2. From Cairo to Alexandria by Private Tour

Pompey's Pillar & Serapeum archaeological site
Pompey's Pillar & Serapeum archaeological site

The easiest transport option if you want to head to Alexandria as a day tour from Cairo is by booking a private tour. All tour companies, and many of the hotels, in Cairo can arrange this for you.

Most people opt to have both a guide and driver for the day, but if you're happy to visit Alexandria's historic sites independently, you can opt to have just a driver, which will lower the cost of the tour.

A private tour is the no-stress way to visit Alexandria, with transport (either air-conditioned minibus or car) picking you up from your Cairo hotel, taking you directly to Alexandria's major sights, and dropping you back at your Cairo hotel when finished.

Many tours can be customized depending on your interests. The main stops you should think of, including if you're customizing your own tour, are the Bibliotheca Alexandrina, with its Antiquities Museum and Manuscript Museum in the east of the city, the Catacombs of Kom Ash Shuqqafa and Pompey's Pillar and the Temple of Serapeum in the western suburb of Carmous, Fort Qaitbey at the tip of Alexandria's eastern bay (where the Pharos lighthouse, one of the ancient world's seven wonders, once stood), and the archaeological site of Kom Al Dikka in the central city.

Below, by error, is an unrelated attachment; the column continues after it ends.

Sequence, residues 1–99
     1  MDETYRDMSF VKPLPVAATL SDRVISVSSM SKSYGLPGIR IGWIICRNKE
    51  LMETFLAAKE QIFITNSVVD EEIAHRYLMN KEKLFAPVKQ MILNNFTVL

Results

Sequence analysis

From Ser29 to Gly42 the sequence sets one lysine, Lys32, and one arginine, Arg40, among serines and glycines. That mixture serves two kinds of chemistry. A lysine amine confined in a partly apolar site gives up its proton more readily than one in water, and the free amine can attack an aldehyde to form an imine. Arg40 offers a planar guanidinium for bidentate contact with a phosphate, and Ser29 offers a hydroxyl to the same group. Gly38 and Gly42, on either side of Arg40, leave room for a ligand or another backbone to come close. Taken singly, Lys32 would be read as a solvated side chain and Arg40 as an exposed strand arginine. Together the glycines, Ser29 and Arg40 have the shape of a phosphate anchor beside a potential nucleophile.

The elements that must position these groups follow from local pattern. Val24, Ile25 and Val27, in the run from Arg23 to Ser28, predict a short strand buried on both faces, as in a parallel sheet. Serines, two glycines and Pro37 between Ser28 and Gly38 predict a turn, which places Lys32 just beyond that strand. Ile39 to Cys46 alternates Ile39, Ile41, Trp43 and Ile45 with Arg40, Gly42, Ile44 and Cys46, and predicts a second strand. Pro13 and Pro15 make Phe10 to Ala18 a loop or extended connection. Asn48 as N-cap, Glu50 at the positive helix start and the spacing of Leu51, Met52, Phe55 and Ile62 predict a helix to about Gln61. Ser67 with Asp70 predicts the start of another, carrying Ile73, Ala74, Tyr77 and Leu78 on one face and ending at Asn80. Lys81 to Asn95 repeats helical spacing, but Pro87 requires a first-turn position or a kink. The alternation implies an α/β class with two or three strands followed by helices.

Time for lunch at one of Alexandria's famed fish restaurants is normally factored into day tours from Cairo, though typically not included in the tour price.

If you're simply looking for a private one-way transfer, the Private Transfer from Cairo to Alexandria provides a reputable service that will pick you up from any address in Cairo, including Cairo Airport, in a vehicle that suits your group's needs, from a car to a minibus, and transfers you to any hotel address in Alexandria. All vehicles are comfortable and air-conditioned, and the drivers all speak English.

For a guided full-day private tour to Alexandria from Cairo the Over Day to Alexandria from Cairo offers a full day immersed in Alexandria's historic sights, guided by a professional art historian who specializes in the city's history. The tour includes pickup and drop-off from any hotel in Cairo and visits to Kom Al Dikka, the Catacombs of Kom Ash Shuqqata, Pompey's Pillar, and the Temple of Serapeum and Fort Qaitbey. Lunch and site entrance tickets aren't included in the tour cost.

Another good private tour is the Tour to Alexandria from Cairo by Car, which unlike many other tours includes all site entrance tickets and a seafood lunch in the tour costs, making this a very good option for travelers who want a no-fuss, no-stress day out. The tour picks up and drops off at any Cairo hotel and visits Pompey's Pillar and the Temple of Serapeum, the Catacombs of Kom Ash Shuqqata, Fort Qaitbey, and the Bibliotheca Alexandrina in Alexandria, accompanied by a professional Egyptologist guide.